And 2001 in summary

Can I say, “Thank God it’s over, and don’t let the door hit you on the way out,” to this year? It has been brutal from start to finish, with personal losses, financial struggle, The Book That Would Not Die (having tossed about 300 pages of manuscript the first time and about 280 pages the second time, I’m now about 320 pages into Version 3.0, having started from scratch yet again), and national horror on a previously unimaginable scope and scale. Especially that last — nothing in my life, not even the earthquake I was in as a kid in Guatemala, has affected me like that.

No book that came out this year, either, for the first time since 1992 (though that is just one of those weird scheduling quirks, since two are coming out early in 2002.)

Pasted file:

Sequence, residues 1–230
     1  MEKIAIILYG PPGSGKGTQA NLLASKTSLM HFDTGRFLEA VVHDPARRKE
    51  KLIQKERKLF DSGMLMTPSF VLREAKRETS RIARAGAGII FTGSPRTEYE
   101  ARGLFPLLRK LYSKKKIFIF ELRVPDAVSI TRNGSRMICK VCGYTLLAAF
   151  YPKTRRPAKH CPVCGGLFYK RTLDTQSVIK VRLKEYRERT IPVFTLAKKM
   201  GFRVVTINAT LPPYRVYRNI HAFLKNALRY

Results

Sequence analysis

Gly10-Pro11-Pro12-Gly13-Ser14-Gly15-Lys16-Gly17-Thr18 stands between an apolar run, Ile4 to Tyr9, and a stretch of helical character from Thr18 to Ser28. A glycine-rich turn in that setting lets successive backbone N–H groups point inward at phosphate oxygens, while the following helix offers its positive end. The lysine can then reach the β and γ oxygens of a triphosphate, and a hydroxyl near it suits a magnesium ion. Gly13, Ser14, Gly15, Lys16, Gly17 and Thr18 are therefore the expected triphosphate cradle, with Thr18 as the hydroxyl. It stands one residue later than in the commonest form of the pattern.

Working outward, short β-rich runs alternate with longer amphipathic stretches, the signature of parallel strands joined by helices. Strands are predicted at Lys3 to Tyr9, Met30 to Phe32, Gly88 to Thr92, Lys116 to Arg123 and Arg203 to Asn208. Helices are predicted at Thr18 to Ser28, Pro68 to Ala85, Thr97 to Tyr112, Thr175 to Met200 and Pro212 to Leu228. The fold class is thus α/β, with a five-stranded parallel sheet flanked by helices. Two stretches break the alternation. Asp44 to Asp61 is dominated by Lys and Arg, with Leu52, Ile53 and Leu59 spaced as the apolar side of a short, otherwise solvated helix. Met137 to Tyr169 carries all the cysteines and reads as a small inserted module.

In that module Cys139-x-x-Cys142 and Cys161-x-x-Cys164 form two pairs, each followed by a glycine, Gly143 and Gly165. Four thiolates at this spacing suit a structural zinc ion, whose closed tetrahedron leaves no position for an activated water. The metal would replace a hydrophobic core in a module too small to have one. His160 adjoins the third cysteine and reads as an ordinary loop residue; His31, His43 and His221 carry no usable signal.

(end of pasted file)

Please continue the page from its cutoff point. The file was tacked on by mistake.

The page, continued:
And yet this year has had some bright spots. The community passed its first birthday, and has developed a personality and character that makes it a great place to spend time. It has become what I hoped it would eventually become — only I figured it would take several years to get there. Good people, good conversation, and a lot of writers writing.

Becky graduated high school and turned eighteen, in that order. My older son, at the age of fifteen, wrote two 60,000 novels in two months. My younger son stopped being a baby and became a little guy. Matt and I had some fun. The people I love are alive and healthy and a year older. I’ve learned a few things.

Here’s to 2002. I’m glad you’re finally almost here — consider yourself the most welcome new year in my life.

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About the author: Novelist, writing teacher, on a mission to reprint my out-of-print books and self-publish my new ones.